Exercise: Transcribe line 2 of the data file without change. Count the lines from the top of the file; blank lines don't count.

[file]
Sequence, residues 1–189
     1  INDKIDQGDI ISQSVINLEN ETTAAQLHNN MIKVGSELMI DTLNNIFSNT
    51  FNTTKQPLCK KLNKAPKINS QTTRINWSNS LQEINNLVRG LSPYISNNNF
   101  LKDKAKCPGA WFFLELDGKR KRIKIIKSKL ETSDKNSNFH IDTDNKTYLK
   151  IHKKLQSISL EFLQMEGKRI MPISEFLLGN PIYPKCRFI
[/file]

     1  INDKIDQGDI ISQSVINLEN ETTAAQLHNN MIKVGSELMI DTLNNIFSNT